Conversation Starters

During our Gathering, before the Opening of the meeting we sometimes have colouring sheets or little games for the girls go play. Lately, however, I’ve found our Sparks have a lot they want to talk about, so I find myself just inviting them onto the carpet to sit down and just have a little chat about what’s going on in our lives.

I find it helpful to ask some direct questions, so each girl who joins gets a chance to tell me something. If you’ve worked with this age group before, you know how one articulate child can dominate the entire group with a story about how her grandpa likes cats, or how she had a dream once about pudding cups making her was the dishes in a weather room filled with laughing balloons (true story!).

Here are some of the conversation starts I’ve been using to get the girls sharing:

  • What did you learn this week outside of school?
  • What would you like to become better at?
  • What challenge or problem have you worked on this week?
  • Can you think of a mistake you made this week?…Great! What did you learn?
  • How did you help someone this week?
  • Is there anything you struggled with this week? …Cool! What new ways are you going to try to deal with it?
  • Is there anything you could have done better this week? …Neat! Who could you ask for feedback on how to make that better?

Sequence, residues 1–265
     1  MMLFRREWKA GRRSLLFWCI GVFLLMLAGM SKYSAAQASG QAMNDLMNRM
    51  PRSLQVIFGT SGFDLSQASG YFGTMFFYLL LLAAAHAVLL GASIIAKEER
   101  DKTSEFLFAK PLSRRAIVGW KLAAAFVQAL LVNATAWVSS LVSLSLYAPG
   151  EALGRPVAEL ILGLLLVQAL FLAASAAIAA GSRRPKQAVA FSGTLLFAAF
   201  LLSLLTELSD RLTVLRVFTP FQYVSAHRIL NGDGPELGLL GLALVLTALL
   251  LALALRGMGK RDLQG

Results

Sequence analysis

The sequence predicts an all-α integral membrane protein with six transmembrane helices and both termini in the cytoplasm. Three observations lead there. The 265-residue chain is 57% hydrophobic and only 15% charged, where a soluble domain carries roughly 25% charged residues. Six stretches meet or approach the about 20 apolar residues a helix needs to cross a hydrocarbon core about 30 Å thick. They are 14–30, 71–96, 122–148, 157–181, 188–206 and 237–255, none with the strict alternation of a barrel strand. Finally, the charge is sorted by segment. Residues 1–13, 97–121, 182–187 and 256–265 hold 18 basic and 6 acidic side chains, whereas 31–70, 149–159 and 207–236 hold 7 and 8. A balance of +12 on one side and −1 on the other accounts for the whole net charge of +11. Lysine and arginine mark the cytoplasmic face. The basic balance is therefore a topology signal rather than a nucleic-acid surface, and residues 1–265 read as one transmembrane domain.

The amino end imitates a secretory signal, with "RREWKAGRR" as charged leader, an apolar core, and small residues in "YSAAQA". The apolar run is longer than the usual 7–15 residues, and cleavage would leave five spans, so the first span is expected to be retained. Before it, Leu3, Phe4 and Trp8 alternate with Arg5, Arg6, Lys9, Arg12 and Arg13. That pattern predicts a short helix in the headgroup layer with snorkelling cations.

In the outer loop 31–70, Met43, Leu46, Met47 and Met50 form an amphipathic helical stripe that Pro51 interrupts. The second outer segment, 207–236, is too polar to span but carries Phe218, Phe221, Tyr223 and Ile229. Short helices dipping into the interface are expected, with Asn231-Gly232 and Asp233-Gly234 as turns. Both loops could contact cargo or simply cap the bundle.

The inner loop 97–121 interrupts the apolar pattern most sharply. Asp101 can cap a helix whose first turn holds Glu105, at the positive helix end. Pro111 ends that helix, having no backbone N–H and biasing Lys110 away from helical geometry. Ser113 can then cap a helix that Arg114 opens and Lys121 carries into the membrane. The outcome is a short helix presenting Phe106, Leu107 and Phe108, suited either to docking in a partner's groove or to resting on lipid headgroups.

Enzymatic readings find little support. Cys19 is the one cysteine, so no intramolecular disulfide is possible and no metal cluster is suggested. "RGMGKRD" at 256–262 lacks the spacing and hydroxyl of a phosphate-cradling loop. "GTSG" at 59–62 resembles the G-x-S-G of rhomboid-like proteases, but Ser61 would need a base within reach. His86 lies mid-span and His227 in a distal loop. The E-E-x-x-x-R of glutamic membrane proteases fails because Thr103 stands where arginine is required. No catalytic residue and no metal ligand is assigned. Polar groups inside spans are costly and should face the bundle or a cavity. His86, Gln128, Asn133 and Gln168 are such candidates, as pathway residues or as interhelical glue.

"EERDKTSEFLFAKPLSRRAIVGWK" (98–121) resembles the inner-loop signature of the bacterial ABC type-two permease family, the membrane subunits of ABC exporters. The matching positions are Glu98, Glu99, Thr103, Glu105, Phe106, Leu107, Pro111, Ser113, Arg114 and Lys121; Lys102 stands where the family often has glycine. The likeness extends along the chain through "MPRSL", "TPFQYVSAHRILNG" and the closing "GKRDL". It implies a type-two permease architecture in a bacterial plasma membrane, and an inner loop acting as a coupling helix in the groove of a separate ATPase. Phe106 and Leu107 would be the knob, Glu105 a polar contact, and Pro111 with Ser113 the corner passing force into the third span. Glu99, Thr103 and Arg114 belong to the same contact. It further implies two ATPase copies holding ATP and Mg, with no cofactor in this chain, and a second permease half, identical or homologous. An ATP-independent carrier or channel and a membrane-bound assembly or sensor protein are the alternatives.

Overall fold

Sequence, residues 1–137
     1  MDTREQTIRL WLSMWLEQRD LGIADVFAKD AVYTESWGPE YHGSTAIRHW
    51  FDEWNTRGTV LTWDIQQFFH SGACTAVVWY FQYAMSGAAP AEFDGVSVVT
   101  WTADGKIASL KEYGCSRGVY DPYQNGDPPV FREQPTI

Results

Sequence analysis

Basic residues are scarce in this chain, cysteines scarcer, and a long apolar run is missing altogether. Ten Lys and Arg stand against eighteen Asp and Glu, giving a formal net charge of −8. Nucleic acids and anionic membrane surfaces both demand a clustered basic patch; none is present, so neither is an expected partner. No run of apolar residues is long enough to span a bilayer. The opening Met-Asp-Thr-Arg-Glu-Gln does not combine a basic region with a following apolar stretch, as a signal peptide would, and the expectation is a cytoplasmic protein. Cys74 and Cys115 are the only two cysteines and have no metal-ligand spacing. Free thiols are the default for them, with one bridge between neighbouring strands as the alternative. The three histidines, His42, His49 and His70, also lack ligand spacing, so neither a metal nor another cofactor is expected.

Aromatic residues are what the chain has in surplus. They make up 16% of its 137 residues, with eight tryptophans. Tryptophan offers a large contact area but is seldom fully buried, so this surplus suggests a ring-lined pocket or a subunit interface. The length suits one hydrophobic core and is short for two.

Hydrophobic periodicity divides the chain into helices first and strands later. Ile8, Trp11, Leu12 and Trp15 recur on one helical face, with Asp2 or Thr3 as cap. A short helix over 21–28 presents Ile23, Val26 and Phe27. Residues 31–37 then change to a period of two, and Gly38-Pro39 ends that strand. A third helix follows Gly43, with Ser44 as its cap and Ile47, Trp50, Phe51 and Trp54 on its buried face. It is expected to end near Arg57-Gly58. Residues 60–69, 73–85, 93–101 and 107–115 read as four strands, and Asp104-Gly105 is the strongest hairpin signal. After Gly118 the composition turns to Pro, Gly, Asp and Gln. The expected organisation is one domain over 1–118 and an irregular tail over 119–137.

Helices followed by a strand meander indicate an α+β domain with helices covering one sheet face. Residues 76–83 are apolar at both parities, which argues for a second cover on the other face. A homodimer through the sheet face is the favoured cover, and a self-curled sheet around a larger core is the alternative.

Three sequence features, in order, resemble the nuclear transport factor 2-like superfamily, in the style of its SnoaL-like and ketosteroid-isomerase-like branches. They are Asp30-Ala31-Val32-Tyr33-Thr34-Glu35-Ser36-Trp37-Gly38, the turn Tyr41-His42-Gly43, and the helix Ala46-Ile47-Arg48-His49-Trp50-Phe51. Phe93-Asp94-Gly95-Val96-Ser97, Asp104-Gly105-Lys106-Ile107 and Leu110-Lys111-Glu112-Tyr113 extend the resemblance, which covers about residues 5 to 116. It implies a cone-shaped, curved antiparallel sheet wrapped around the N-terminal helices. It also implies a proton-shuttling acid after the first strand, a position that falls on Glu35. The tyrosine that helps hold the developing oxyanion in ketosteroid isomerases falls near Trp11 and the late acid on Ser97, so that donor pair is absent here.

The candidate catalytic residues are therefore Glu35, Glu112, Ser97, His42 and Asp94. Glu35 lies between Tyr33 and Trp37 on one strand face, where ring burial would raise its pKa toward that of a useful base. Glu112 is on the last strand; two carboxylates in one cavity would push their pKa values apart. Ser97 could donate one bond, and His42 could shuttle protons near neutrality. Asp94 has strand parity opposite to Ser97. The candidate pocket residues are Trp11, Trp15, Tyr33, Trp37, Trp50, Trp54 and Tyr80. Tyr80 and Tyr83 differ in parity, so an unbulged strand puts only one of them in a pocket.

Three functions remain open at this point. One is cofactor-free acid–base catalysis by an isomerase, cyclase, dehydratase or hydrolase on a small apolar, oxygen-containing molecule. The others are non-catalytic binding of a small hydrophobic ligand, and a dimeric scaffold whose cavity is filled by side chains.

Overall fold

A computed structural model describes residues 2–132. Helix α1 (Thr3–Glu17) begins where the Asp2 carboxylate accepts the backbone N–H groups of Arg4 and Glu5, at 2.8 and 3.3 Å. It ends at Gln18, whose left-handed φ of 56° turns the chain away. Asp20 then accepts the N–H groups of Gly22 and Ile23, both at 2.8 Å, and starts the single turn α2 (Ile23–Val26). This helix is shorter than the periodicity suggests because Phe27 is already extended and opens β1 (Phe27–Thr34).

• Did you do any “Triple Tries” this week?
  • What did you do this week that made you reeeeeeally think hard?
  • Tell me something new that you tried this week.

All the questions are designed not just to get them talking or to focus and take turns, but to improve their mental health. We don’t often like to talk about mistakes or challenges we have had, but we need to. Mistakes are great! They are an important part of learning. Kids need to know that! We all struggle with things in our lives, it’s good for the girls to know that everyone experiences this, and the important thing is we figure out how to develop new strategies to deal with them. Life is a big learning experience and when you encourage a growth mindset in children, they will learn how to have grit, how to face challenges without frustration and anxiety.

Using these conversation starters is also a great opportunity to just unburden her mind, in a safe space, from something that may have been bothering her all week. It lets them know you care about them as individuals and not just during meeting times.

I have found these five or ten minutes with the girls before the meetings actually begin is sometimes the most important for a girl. It also helps the girls to settle in and feel accepted, which improves behaviour during meetings. It’s a win-win!

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